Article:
Wednesday, 24 February 2021

Memories of Belgium

My Time in Flanders

This weekend is “Opening Weekend” in Belgium, where pro cycling's Classics specialists line up for Het Nieuwsblad on Saturday, followed by Kuurne-Brussels-Kuurne on Sunday. And I'm excited. Having read the memoirs of adopted Flandrians Joe Parkin and Aussie Allan Peiper many moons ago, I always wondered what the cycling life in Belgium would be like, not to mention the heritage and culture. Well, life certainly throws one curveballs at times and I finally got to realise this aspiration almost four years ago.

Being taken on as a soigneur/verzorger (carer/slave) on an international cycling team in 2017 allowed me the privilege to immerse myself in the world of Belgian racing. Based in the East Flanders town of Oudenaarde right below the Koppenberg forest, our racing schedule saw us competing at least four times weekly all over Belgium. Kermesses formed the backbone of this program along with a few criteriums and U23 Classics. Racing program aside, it was more living and breathing in the culture and mixing with the locals that really stood out, not to mention their benevolence.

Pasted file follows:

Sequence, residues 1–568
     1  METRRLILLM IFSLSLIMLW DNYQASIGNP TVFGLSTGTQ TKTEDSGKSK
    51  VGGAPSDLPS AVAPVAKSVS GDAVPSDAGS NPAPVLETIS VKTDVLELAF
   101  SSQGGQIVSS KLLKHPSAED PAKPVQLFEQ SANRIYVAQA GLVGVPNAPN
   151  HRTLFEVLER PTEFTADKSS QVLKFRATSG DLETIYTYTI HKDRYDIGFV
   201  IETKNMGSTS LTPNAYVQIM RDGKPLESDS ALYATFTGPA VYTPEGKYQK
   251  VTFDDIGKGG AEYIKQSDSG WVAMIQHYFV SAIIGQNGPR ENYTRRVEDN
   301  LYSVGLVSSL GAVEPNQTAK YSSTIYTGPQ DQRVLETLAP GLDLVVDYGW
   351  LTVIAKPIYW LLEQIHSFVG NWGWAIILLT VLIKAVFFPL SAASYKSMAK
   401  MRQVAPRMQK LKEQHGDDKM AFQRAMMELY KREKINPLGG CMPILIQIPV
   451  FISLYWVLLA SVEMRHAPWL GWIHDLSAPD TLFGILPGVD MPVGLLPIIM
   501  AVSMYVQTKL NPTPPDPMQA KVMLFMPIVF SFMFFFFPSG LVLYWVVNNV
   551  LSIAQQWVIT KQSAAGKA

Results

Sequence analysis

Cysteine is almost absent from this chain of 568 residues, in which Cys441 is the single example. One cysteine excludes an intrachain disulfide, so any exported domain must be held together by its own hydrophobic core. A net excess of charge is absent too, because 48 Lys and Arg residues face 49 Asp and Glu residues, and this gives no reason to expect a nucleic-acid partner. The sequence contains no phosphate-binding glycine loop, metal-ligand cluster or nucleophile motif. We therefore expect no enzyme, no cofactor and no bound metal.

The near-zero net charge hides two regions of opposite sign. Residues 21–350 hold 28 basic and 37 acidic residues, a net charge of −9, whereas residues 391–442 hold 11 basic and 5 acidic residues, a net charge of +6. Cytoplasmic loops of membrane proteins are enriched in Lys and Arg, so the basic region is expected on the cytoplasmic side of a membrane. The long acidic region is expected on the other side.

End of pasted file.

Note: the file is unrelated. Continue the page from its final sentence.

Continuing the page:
When our staff accomodation was scheduled to be taken by another team, hosts Christian and Hilde graciously found us an alternative in nearby Markedal. No more sharing rooms – we each had our own space in renovated private bar on a semi-palatial estate! Then there was our trusty team car literally conking out in the middle of the N60 after another race. Christian came to tow us and found a garage in Ninove that would take care of the specialist repairs. Time was tight but the car got fixed. Or when I needed some osteopathic help with some our riders. Step in Michiel Van Aelbroeck and Alice Pirard who fit us in at their practice in the cobbled centre of Ghent (a great city by the way).

Time certainly flew by, as it tends to do when you are super busy in pleasant environs and it was time to move on to the next assignment in Italy. I did manage to make it back to Belgian the following year with another team, although this trip was somewhat fleeting and saw a chicken lay an egg whilst taking a sip out of my cup of tea. But that is separate discussion altogether.


Friday, 19 February 2021

Anthon Vermaerke

The South African Belgian

A familiar surname popped up on the Cycling News website the other day in the form yet another graduate from Axel Merckx's much vaunted U23 program. Kevin Vermaerke might hail from LA but his roots have a foreign flavour.